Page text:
Let’s face it; gardening in Colorado without lasagna mulching is like skiing in jeans. It’s just not done if you know what you’re doing. Colorado’s hot, dry summers and clay soils mean your gardens’ wardrobe needs some attention. Lasagna mulching acts like a sunscreen for your soil, plus it controls weeds, helps the soil retain moisture, and attracts earthworms, who will slow till your soil into a crumbly chocolate cake-like consistency. Lasagna mulching is easy. Use this no fail, anytime method to improve your soil:
1. Soak your garden plot.
2. Add a thick layer of mature compost (I love to use llama beans*) and moisten.
3. Add a layer of cardboard (aka earthworm crack). Carefully lay the cardboard around the base of vegetable starts (seedlings) to avoid smothering them. You can, however, layer it directly over weeds that haven’t gone to seed to suffocate them. Moisten again.
4. Add another layer of mature compost and moisten.
5. Add a layer of straw (you can find it at Wardles) and moisten. If the straw has seeds, it will sprout, but these pull up easily.
Repeat the process in the fall. Lasagna mulching in the fall means you can add hot compost (organic matter that has not broken down yet) because it will break down over the winter, and consider more elaborate layers including greenery, apples, hot manure, peat moss, etc. A Google search of “lasagna” or “sheet” mulching will reveal as many recipes as a room full of Italian grandmothers’ discussing their favorite pasta dish.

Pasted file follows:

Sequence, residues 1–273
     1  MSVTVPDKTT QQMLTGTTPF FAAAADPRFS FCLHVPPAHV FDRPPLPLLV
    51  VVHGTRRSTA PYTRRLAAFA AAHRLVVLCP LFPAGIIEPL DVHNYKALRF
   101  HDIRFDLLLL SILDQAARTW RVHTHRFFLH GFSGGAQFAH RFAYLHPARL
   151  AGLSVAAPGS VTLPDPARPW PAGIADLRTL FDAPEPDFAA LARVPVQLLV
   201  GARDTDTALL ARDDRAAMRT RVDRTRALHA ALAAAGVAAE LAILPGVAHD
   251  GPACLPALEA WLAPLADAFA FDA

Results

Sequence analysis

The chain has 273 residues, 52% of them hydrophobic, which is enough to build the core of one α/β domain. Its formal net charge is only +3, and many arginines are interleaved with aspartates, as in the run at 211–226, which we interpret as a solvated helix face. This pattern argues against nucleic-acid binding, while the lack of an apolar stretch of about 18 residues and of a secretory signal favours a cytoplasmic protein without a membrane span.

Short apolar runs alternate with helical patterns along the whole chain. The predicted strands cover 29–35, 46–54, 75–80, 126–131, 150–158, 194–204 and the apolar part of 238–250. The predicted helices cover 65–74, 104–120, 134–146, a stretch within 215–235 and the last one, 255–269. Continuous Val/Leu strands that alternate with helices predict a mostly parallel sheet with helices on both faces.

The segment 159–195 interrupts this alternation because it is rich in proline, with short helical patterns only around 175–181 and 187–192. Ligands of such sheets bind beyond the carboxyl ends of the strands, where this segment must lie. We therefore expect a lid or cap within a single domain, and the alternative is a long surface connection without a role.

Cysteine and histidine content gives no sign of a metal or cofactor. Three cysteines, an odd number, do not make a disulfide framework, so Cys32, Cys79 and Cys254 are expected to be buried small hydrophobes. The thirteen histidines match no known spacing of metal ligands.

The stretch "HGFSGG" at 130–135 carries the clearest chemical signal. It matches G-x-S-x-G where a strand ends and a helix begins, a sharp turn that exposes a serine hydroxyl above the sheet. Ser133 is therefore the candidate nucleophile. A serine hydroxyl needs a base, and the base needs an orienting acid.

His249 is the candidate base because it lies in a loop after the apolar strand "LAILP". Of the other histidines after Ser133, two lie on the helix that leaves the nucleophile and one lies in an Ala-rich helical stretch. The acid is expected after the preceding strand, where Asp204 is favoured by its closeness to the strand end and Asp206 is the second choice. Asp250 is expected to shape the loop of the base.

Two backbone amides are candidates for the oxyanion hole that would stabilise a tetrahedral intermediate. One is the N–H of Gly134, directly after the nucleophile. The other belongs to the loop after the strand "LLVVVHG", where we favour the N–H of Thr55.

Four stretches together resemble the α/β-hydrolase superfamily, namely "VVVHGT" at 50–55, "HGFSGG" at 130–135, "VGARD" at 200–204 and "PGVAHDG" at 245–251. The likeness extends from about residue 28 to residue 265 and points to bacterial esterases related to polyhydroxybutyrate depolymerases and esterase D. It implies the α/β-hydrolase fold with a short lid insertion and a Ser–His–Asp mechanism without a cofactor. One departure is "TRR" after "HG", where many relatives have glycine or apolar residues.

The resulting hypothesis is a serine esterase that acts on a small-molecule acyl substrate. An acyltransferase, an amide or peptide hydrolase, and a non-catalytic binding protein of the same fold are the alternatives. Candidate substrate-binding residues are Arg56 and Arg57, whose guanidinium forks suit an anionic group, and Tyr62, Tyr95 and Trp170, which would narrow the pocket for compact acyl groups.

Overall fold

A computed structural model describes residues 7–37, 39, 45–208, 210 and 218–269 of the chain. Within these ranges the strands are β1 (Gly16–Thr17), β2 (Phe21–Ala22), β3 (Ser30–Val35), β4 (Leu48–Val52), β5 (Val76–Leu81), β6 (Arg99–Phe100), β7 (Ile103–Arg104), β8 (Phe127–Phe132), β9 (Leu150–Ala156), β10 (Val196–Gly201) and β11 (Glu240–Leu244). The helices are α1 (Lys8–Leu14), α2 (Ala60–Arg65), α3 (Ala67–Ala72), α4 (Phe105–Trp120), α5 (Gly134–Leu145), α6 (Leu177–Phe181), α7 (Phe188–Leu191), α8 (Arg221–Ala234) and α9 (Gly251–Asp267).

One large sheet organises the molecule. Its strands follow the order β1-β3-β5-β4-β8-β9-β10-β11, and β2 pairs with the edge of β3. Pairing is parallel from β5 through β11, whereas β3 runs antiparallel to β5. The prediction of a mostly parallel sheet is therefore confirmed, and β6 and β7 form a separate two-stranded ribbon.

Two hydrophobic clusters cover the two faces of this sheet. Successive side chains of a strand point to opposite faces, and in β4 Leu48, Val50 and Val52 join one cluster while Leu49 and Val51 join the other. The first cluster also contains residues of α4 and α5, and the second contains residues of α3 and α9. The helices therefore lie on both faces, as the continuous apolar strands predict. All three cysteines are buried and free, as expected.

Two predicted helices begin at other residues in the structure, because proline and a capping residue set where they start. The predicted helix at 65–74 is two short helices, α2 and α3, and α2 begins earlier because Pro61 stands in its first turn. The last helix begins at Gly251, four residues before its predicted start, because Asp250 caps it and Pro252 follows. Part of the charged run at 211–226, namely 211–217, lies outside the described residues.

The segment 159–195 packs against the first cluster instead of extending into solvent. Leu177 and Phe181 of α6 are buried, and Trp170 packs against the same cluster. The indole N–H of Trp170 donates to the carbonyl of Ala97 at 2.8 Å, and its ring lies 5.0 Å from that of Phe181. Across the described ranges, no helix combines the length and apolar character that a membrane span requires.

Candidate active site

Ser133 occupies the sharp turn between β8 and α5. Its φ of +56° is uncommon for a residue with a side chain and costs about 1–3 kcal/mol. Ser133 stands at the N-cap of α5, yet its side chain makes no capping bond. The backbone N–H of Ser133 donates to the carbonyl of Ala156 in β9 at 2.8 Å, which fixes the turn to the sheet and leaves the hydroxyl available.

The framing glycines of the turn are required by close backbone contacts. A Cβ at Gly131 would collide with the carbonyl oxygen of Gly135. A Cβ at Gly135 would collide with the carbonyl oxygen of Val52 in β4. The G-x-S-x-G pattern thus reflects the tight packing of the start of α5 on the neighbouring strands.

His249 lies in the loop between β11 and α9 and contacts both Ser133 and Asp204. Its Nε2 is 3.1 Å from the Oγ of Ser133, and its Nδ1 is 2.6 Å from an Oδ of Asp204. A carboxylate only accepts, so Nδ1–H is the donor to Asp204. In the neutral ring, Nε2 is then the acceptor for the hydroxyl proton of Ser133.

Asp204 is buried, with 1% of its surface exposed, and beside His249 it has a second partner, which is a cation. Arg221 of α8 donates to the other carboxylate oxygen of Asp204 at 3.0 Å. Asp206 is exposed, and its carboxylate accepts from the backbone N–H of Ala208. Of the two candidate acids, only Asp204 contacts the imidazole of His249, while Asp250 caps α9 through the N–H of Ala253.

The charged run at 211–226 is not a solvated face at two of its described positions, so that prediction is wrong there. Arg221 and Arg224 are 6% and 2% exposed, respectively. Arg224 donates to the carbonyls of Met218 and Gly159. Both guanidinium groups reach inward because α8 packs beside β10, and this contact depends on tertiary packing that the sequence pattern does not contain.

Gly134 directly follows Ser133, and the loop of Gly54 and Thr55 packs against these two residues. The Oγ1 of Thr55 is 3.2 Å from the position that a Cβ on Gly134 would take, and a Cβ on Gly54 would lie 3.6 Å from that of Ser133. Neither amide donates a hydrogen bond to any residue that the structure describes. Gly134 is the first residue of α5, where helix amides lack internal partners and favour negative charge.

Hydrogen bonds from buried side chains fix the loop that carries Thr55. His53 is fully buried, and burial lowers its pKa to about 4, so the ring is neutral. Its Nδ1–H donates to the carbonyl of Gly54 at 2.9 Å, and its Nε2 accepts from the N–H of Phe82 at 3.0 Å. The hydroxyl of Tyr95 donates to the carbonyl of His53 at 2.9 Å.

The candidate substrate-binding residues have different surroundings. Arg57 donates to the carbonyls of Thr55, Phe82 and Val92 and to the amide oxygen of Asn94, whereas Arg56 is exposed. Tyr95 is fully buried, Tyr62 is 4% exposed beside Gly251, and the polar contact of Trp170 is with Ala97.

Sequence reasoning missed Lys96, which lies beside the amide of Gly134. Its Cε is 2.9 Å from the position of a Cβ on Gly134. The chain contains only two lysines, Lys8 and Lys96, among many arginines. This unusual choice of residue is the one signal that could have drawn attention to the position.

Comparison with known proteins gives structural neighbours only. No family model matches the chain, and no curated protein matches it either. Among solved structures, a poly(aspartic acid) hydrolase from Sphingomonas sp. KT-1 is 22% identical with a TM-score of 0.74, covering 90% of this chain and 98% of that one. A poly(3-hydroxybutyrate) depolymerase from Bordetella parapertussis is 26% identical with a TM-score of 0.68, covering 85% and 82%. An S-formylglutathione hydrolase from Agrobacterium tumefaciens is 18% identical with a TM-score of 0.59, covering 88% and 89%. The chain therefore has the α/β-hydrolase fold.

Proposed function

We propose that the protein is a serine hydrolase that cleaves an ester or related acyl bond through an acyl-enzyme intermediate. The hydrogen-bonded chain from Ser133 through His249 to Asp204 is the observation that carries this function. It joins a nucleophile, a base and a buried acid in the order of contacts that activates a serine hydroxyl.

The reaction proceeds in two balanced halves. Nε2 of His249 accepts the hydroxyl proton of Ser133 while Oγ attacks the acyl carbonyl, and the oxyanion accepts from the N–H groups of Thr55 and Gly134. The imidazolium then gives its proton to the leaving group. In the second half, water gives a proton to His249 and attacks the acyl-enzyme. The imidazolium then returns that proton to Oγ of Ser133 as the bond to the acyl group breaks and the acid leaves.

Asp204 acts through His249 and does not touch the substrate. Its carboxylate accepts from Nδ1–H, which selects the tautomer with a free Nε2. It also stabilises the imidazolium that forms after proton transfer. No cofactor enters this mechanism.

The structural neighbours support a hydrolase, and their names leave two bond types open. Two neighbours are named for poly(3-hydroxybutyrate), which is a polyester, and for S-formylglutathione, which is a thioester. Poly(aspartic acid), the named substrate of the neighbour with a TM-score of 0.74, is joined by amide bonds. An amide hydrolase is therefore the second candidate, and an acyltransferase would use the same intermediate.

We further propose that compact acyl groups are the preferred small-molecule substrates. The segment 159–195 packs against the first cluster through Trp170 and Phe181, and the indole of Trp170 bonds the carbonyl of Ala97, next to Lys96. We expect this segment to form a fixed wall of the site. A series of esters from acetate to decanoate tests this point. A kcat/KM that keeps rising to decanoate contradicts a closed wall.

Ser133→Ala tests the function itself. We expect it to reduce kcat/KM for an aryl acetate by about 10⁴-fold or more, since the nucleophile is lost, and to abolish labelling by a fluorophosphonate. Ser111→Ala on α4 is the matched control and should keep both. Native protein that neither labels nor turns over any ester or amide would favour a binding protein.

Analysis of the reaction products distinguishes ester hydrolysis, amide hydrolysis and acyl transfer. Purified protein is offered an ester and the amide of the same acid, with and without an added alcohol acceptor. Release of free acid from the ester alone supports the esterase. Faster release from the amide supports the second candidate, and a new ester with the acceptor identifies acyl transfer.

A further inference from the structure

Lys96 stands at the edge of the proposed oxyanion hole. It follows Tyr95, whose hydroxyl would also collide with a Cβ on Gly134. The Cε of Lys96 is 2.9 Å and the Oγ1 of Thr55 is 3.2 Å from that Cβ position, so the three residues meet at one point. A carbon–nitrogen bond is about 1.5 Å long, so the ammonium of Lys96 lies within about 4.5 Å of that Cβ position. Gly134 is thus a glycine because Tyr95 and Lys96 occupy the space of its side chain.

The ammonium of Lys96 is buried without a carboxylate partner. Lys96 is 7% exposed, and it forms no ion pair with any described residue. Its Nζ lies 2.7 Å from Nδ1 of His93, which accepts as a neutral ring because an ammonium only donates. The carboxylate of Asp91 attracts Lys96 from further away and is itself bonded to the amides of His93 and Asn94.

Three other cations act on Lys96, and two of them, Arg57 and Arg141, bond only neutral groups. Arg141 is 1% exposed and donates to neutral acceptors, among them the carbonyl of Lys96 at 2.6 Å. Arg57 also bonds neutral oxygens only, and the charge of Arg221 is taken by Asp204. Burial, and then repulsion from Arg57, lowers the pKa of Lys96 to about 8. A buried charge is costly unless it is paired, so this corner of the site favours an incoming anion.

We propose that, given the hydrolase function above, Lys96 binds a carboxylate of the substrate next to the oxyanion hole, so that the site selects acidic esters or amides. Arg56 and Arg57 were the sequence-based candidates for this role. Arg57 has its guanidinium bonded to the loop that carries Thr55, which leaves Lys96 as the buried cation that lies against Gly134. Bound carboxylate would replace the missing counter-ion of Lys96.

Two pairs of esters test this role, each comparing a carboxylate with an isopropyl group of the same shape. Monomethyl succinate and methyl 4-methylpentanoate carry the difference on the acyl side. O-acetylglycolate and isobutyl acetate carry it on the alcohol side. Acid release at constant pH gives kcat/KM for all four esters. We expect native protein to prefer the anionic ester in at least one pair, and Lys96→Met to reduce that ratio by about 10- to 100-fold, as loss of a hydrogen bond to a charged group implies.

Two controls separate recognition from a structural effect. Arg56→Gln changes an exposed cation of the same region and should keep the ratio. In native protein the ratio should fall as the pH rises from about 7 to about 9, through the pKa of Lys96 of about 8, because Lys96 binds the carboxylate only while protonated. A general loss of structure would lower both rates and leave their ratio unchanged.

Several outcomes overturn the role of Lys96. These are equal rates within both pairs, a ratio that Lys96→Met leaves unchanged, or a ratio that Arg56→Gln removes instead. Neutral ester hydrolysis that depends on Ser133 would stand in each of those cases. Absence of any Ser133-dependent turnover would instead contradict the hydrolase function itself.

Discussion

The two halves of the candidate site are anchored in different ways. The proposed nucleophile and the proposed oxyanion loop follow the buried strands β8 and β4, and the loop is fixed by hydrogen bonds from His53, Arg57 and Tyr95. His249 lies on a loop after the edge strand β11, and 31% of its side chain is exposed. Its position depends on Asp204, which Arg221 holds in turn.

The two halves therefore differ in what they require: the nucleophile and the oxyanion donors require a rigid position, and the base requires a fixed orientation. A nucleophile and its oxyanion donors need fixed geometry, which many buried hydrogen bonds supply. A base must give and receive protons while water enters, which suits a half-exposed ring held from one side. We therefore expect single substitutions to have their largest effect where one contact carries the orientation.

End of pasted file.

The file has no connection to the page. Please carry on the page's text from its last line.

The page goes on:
*Llama beans, aka poop, is easy to find on Craigslist, and many ranchers will happily deliver if you pay a delivery fee. Unlike other manures, llama manure comes out of the animal fully composted owing to the journey through the animal’s five stomachs.
Sucker Your Tomatoes
Do you dream of BLTs with big juicy tomato slices? The secret to enormous tomatoes is to sucker your plants. As indeterminate or vine tomatoes grow, you will find suckers, small new shoots, sprouting between each branch and the main vine. Pluck these mothersuckers when they are small and it will conserve the plants energy to set fruits faster and enhance their size.
But wait. Got a 6”+ sucker? Don’t let it go to waste. Prune it, stick it in water, change the water daily until it roots, and give the clone to your friend who gambled, planted early, and had their garden decimated by hail.
Plant Your Fall Crop
Were you a total slacker and didn’t get to the garden stores before this year’s seedlings were wiped out in the mad rush following the realization that this would be our first season without the mothership supplier, Paulino’s Gardens (may she rest in peace)? Well, don’t stress. The average first frost day in Denver is the first week of October. Count back 60-80 days (July, we are looking at you) for a great time to start planting your cool season crops. Check out local Colorado company, Botanical Interests, for seeds (https://www.botanicalinterests.com/category/Frost-Tolerant-Vegetable). Cool season crops to consider include: broccoli, kohlrabi, beets, carrots, radishes, parsnips, peas, carrots, greens including lettuce, endive, kale, and chard.
|Katherine has lived in North Denver for 20 years and runs Sunnyside Urban Farm. She created Denver’s Sustainable Food Policy Council and her Lip Smackin’ Sour Cherry Jam won the Blue Ribbon at the first Denver County Fair.|